Objective: To evaluate the safety and antiretroviral activity of ritonavir (Norvir) and saquinavir (Invirase) combination therapy in patients with HIV infection.
Design: A multicenter, randomized, open-label clinical trial.
Setting: Seven HIV research units in the USA and Canada.
Patients: A group of 141 adults with HIV infection, CD4 T lymphocyte counts of 100-500 x 10(6) cells/l, whether treated previously or not with reverse transcriptase inhibitor therapy, but without previous HIV protease inhibitor drug therapy.
Interventions: After discontinuation of prior therapy for 2 weeks, group I patients were randomized to receive either combination (A) ritonavir 400 mg and saquinavir 400 mg twice daily or (B) ritonavir 600 mg and saquinavir 400 mg twice daily. After an initial safety assessment of group I patients, group II patients were randomized to receive either (C) ritonavir 400 mg and saquinavir 400 mg three times daily or (D) ritonavir 600 mg and saquinavir 600 mg twice daily. Investigators were allowed to add up to two reverse transcriptase inhibitors (including at least one with which the patient had not been previously treated) to a patient's regimen after week 12 for failure to achieve or maintain an HIV RNA level < or = 200 copies/ml documented on two consecutive occasions.
Measurements: Plasma HIV RNA levels and CD4+ T-lymphocyte counts were measured at baseline, every 2 weeks for 2 months, and monthly thereafter. Safety was assessed through the reporting of adverse events, physical examinations, and the monitoring of routine laboratory tests.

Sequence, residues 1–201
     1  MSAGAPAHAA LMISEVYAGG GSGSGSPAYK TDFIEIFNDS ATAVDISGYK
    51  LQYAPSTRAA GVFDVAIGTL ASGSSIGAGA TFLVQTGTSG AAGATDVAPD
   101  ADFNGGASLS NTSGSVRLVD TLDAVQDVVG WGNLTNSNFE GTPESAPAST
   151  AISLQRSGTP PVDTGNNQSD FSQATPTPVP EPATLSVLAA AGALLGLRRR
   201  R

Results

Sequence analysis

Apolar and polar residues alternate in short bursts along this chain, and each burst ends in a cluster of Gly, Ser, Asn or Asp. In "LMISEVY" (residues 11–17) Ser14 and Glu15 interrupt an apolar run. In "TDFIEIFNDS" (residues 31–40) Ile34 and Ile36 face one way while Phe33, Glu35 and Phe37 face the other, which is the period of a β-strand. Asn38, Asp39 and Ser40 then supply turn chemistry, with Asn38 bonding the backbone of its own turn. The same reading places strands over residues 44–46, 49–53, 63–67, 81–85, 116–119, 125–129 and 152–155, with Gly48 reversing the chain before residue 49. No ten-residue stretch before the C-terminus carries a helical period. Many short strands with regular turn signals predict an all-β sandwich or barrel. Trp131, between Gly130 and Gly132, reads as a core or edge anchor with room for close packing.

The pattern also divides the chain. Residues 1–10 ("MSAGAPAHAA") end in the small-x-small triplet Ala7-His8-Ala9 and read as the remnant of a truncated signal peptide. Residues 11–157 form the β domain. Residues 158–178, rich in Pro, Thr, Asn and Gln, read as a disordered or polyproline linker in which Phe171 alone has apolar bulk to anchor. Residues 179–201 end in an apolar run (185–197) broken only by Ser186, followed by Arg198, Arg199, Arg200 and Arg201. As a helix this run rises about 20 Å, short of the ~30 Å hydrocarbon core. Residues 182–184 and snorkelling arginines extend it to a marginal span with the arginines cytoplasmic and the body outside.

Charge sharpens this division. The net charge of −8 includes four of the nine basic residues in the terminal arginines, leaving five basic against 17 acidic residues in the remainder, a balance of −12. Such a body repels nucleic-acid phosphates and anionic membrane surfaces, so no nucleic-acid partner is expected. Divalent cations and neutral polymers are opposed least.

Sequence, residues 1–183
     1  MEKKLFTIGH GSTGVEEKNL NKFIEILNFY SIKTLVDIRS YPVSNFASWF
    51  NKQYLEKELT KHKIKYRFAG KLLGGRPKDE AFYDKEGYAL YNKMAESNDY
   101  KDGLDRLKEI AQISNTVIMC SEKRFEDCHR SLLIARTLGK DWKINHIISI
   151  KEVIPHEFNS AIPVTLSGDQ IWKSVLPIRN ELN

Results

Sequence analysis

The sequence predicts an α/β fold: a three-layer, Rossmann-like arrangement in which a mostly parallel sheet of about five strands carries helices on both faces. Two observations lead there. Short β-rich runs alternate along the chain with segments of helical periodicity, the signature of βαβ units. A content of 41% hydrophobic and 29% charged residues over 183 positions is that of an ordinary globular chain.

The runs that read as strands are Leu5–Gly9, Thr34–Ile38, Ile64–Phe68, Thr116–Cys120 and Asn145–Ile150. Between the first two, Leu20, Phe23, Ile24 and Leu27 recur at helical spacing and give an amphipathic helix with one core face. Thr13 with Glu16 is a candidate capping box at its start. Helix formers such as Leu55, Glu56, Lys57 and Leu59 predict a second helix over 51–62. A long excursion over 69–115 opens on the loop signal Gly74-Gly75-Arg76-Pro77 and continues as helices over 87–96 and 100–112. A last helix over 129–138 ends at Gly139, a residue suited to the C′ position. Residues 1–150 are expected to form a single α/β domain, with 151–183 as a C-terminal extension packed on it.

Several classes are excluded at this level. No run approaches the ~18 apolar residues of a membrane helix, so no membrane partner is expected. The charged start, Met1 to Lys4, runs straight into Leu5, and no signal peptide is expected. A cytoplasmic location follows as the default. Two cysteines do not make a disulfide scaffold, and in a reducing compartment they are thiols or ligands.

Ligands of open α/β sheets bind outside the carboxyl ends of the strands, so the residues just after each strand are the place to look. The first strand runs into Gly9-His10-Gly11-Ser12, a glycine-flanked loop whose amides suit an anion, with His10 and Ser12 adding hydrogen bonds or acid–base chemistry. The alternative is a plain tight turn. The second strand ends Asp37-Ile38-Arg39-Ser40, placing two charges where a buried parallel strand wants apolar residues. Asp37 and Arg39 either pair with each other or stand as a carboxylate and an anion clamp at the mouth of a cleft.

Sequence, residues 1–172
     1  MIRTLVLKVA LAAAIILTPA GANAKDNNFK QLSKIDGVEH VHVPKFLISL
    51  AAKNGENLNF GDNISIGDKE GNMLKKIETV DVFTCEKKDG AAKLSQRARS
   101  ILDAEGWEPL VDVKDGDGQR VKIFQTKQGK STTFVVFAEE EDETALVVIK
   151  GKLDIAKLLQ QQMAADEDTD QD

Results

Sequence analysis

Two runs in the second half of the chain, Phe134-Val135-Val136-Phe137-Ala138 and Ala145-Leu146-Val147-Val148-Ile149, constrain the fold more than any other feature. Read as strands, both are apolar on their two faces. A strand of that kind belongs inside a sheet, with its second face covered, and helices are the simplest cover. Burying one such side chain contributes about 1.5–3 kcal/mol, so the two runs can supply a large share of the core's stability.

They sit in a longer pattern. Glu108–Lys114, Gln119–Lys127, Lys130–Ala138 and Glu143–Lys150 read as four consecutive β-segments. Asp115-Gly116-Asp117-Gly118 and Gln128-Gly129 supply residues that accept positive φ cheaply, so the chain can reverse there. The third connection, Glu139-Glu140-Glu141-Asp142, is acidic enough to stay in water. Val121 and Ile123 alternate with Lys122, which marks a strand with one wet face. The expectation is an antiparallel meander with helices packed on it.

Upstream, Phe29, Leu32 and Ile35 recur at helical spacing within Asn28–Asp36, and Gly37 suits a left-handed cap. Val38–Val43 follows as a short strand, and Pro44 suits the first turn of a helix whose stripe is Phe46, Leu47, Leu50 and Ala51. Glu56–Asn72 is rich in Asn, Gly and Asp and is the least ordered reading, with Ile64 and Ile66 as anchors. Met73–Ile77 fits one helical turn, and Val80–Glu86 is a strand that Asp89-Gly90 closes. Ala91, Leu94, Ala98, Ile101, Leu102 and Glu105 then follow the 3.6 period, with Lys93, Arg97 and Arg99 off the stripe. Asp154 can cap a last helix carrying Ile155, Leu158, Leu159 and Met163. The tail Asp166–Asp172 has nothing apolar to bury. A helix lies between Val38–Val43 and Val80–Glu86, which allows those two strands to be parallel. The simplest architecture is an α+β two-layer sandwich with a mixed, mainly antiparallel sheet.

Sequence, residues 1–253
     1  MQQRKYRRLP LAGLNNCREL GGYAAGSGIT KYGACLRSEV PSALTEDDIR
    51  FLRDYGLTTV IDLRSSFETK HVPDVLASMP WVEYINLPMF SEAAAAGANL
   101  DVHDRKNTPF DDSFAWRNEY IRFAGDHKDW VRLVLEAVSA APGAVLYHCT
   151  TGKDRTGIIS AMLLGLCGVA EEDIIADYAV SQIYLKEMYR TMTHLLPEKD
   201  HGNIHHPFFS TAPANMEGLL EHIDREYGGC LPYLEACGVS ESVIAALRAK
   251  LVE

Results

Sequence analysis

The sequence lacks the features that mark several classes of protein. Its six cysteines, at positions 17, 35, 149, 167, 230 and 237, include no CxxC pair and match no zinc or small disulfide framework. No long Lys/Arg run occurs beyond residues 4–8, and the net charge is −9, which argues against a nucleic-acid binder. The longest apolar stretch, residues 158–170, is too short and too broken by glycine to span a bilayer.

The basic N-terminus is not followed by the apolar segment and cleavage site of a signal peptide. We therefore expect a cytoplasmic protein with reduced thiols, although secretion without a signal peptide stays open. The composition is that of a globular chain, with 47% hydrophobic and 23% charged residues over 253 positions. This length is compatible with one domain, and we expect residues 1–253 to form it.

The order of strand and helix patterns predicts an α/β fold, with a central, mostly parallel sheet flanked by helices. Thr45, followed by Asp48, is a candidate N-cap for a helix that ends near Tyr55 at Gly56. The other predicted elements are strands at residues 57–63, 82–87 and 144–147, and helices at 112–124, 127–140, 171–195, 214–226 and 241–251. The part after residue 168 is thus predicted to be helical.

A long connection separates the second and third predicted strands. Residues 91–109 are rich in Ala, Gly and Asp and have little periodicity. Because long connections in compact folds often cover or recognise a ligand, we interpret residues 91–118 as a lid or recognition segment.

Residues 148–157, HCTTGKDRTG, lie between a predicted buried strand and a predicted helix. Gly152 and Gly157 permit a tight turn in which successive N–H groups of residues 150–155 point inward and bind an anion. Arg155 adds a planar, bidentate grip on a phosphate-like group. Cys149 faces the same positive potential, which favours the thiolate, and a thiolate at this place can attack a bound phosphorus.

Results: The 48 weeks of study treatment was completed by 75% (106/141) of the patients. Over 80% of the patients on treatment at week 48 had an HIV RNA level < or = 200 copies/ml. In addition, intent-to-treat and on-treatment analyses revealed comparable results. Suppression of plasma HIV RNA levels was similar for all treatment arms (mean areas under the curve minus baseline through 48 weeks were-1.9, -2.0, -1.6, -1.8 log10 copies/ml in ritonavir-saquinavir 400-400 mg twice daily, 600-400 mg twice daily, 400-400 mg three times daily, and 600-600 mg twice daily, respectively). Median CD4 T-lymphocyte count rose by 128 x 10(6) cells/l from baseline, with an interquartile range (IQR) of 82-221 x 10(6) cells/l. The most common adverse events were diarrhea, circumoral paresthesia, asthenia, and nausea. Reversible elevation of serum transaminases (> 5 x upper limit of normal) occurred in 10% (14/141) of the patients enrolled in this study and was associated with baseline abnormalities in liver function tests, baseline hepatitis B surface antigen positivity, or hepatitis C antibody positivity (relative risk, 5.0; 95% confidence interval 1.5-16.9). Most moderate or severe elevations in liver function tests occurred in patients treated with ritonavir-saquinavir 600-600 mg twice daily.
Conclusions: Ritonavir 400 mg combined with saquinavir 400 mg twice daily with the selective addition of reverse transcriptase inhibitors was the best-tolerated regimen of four dose-ranging regimens and was equally as active as the higher dose combinations in HIV-positive patients without previous protease inhibitor treatment.